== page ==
One last thing about the Chicobag- they recently were involved in a lawsuit in which plastic bag manufacturers sued them (in South Carolina, where no anti-SLAPP laws are present) for “irreparable harm” to their companies.

A SLAPP suit basically would allow for the plastic bag companies to outspend them in court until the opponent gives up.

Miraculously, Chicobag ended up winning, which is pretty amazing but of course the only possible result here.  Learn more about that lawsuit here:

ChicoBag Lawsuit

If you really want to get annoyed, check out what one of the losing companies in the lawsuit did: http://www.bagtheban.com .  While I shouldn’t be giving them any attention, I can’t ignore something this outrageous.  Contact them and ask how they can live with themselves: general@hilexpoly.com .

While the problems of the world are not just plastic bags, phasing them (and other plastics) out of your life is substantial for making an impact.  Further, it’s like any other change- once you really go for it, within a few days you don’t even notice it.  Be sure to follow it up by reducing other plastic consumption patterns you have going, BUT- take your time.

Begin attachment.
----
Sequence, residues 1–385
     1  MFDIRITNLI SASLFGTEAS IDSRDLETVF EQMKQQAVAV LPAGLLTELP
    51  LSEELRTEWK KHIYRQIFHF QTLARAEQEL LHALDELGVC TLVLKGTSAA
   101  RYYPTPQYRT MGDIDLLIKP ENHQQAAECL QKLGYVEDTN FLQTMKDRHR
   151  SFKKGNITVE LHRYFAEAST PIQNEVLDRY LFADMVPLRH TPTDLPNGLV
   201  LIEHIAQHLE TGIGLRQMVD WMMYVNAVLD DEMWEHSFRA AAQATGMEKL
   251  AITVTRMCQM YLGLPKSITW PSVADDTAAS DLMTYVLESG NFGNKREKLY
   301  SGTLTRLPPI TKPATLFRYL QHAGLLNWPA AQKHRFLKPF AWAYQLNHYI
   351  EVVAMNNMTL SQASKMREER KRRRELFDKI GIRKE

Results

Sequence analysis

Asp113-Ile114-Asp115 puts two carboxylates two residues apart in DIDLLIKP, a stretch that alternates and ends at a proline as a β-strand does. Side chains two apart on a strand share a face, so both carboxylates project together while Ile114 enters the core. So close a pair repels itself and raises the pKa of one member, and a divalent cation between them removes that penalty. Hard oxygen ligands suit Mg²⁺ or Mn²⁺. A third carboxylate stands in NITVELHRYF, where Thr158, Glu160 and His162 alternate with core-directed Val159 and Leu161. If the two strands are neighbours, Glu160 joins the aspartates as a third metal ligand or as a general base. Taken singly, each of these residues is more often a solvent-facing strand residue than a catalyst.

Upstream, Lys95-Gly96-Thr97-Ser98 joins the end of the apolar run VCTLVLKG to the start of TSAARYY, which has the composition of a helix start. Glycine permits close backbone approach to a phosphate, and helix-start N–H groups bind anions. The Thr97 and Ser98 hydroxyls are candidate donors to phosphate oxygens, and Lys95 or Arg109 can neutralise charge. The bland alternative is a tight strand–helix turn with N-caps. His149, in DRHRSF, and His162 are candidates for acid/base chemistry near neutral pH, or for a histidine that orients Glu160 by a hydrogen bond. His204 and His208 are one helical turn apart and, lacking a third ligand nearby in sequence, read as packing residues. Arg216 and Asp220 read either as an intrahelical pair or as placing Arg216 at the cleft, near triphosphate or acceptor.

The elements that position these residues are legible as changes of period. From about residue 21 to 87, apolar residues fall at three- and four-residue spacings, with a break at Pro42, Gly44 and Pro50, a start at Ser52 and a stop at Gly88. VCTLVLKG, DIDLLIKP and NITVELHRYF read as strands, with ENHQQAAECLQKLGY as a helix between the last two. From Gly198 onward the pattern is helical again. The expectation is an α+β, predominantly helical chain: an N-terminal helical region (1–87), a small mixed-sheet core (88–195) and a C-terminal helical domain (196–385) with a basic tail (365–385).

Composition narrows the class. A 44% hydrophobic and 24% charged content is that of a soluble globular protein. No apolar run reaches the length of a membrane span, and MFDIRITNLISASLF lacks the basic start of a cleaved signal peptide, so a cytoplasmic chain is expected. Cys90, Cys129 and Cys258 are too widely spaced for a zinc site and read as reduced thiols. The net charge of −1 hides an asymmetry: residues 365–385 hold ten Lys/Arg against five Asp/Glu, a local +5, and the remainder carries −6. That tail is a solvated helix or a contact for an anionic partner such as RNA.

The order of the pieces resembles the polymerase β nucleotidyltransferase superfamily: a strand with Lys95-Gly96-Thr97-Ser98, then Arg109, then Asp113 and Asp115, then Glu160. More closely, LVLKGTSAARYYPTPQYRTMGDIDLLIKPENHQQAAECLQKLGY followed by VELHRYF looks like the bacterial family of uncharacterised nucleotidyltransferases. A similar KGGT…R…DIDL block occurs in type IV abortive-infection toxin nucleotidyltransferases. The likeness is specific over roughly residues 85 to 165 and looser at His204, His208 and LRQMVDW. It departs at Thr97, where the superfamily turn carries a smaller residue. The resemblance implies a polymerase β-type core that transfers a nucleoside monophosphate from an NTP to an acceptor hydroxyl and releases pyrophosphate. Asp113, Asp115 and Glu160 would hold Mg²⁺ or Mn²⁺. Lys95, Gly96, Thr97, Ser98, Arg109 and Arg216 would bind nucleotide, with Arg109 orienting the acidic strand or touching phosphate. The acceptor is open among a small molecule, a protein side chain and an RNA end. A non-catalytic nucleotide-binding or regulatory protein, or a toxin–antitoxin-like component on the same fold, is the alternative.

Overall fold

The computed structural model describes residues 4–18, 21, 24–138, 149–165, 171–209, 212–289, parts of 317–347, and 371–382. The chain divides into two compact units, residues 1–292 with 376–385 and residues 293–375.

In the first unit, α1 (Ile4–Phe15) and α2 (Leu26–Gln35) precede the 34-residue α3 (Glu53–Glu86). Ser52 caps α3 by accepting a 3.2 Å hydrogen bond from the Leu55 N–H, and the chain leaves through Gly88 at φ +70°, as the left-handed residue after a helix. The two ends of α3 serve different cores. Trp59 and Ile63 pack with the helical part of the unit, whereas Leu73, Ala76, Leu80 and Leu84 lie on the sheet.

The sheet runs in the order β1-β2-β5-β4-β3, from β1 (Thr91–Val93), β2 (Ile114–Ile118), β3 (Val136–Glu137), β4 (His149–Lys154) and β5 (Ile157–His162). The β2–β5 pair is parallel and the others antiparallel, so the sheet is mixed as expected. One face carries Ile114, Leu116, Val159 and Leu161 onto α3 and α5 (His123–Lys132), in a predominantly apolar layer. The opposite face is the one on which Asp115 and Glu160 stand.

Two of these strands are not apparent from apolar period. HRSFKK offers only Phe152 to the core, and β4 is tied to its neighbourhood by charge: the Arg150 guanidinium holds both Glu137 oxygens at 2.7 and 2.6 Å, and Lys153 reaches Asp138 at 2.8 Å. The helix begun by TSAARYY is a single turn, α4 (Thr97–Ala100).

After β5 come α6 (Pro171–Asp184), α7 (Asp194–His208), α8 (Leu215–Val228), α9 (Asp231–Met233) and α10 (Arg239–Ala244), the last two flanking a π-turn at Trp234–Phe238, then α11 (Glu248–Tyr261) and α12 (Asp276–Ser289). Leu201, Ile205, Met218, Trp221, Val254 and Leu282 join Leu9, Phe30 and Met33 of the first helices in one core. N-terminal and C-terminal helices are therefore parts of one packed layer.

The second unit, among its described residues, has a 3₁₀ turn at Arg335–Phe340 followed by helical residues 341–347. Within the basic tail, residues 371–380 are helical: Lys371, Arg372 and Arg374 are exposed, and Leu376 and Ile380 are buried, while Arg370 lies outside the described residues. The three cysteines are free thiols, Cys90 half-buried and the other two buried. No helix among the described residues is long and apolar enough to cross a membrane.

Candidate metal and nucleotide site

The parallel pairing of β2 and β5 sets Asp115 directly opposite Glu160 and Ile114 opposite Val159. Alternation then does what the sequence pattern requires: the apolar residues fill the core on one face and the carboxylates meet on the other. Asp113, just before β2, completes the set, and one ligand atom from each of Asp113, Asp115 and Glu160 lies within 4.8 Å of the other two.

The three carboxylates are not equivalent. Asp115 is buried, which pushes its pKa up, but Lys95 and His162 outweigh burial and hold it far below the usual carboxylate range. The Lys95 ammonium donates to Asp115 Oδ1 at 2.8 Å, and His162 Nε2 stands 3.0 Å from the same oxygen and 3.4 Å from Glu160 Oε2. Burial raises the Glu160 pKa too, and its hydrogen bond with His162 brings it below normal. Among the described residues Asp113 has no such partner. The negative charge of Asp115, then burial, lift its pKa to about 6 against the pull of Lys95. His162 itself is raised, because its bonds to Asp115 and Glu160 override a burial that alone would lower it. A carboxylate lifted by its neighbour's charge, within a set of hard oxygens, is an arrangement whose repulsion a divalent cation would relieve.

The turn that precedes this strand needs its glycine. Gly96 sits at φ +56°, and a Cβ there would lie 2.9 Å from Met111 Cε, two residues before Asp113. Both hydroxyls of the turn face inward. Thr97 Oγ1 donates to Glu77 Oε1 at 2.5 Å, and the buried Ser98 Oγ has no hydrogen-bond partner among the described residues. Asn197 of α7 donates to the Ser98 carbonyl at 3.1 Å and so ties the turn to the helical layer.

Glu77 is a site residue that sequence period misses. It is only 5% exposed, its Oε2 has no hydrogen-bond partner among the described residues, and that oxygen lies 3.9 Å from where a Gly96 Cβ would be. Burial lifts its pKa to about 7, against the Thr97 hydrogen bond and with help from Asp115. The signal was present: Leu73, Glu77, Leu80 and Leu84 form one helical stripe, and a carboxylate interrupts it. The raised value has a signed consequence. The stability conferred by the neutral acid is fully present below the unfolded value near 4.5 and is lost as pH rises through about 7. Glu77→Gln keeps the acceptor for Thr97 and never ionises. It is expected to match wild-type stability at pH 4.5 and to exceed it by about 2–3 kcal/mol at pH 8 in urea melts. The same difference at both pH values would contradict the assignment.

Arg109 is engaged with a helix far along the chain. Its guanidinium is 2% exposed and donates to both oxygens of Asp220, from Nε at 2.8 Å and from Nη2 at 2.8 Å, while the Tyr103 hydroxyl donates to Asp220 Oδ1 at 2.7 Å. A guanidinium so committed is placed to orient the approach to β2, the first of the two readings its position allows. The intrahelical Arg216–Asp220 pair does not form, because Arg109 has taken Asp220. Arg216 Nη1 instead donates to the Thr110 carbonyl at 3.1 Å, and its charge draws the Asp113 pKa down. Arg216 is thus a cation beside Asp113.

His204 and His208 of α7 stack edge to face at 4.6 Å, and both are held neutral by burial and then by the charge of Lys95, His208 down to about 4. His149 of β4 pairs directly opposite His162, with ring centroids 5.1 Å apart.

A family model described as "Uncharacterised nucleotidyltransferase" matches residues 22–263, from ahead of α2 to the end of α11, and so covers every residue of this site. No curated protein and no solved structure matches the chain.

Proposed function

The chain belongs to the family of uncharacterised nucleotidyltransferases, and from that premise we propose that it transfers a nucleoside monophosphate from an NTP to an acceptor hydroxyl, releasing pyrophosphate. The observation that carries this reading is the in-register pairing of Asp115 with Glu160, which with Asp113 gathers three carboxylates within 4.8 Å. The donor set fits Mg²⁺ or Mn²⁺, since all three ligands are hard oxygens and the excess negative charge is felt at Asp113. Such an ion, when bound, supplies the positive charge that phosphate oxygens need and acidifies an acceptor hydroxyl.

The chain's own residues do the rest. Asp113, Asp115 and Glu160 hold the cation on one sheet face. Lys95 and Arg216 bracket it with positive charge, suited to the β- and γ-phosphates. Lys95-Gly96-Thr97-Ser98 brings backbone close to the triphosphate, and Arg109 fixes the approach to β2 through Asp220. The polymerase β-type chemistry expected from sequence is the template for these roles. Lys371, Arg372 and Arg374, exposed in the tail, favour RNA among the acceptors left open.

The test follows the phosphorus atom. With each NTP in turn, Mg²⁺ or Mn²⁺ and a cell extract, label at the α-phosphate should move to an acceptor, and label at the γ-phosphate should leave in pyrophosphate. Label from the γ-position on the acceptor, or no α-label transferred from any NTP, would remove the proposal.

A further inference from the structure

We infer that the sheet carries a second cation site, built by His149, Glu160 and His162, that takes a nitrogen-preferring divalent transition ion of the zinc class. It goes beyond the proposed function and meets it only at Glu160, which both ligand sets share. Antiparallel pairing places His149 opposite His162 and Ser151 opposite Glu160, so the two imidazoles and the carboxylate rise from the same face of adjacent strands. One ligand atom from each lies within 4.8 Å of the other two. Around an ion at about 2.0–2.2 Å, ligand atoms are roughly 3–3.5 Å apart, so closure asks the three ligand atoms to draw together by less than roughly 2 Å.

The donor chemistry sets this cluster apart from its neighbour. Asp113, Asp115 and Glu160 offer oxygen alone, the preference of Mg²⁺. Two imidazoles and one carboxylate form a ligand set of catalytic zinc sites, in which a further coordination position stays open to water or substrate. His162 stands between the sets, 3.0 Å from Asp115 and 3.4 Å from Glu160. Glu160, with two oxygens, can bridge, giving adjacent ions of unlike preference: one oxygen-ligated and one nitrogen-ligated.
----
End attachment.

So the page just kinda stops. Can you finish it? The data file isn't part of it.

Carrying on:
I had a few challenges along the way, but at the end of the day it just came down to breaking habit and changing behaviors once or twice.  After that, I never thought about it anymore.

Plastics really are the enemy when it comes to material choices- no one even knows fully what’s in them due to trade secrets and all that business B.S. that won’t be put aside in favor of human health.

While it’s hard to imagine a life without any plastic whatsoever, I know that you can drastically reduce the amount you take in by simply refusing a bag and identifying the situations where you consume plastic, eliminating them one at a time.

B.Y.O.B. (Bring your own bag, of course)

The other day, it was super windy out and I was just watching the plastic bags (what I like to call “tumbleweed” here in Philly) blow around all over the place. First you have the black corner store bags, then there’s the white doubled-up “have a nice day” bags strewn about. Over in Chinatown, I often see red plastic bags blowing around, which reminds me of having to pull empty infectious waste bags out of healthcare waste streams. All because of that cute little biohazard symbol, that empty red bag is considered infectious… but that’s another fun issue I’ll rant about some other time.